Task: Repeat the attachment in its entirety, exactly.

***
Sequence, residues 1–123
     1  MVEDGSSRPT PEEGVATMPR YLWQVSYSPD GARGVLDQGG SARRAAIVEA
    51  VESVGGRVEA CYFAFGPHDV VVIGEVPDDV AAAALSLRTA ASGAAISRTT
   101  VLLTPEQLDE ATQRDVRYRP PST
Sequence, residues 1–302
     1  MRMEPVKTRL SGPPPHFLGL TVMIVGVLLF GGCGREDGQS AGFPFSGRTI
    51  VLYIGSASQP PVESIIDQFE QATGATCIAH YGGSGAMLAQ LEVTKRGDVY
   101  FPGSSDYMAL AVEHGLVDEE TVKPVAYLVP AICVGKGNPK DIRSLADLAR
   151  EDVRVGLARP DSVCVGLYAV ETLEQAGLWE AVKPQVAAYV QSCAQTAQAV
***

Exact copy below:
Sequence, residues 1–123
     1  MVEDGSSRPT PEEGVATMPR YLWQVSYSPD GARGVLDQGG SARRAAIVEA
    51  VESVGGRVEA CYFAFGPHDV VVIGEVPDDV AAAALSLRTA ASGAAISRTT
   101  VLLTPEQLDE ATQRDVRYRP PST
Sequence, residues 1–302
     1  MRMEPVKTRL SGPPPHFLGL TVMIVGVLLF GGCGREDGQS AGFPFSGRTI
    51  VLYIGSASQP PVESIIDQFE QATGATCIAH YGGSGAMLAQ LEVTKRGDVY
   101  FPGSSDYMAL AVEHGLVDEE TVKPVAYLVP AICVGKGNPK DIRSLADLAR
   151  EDVRVGLARP DSVCVGLYAV ETLEQAGLWE AVKPQVAAYV QSCAQTAQAV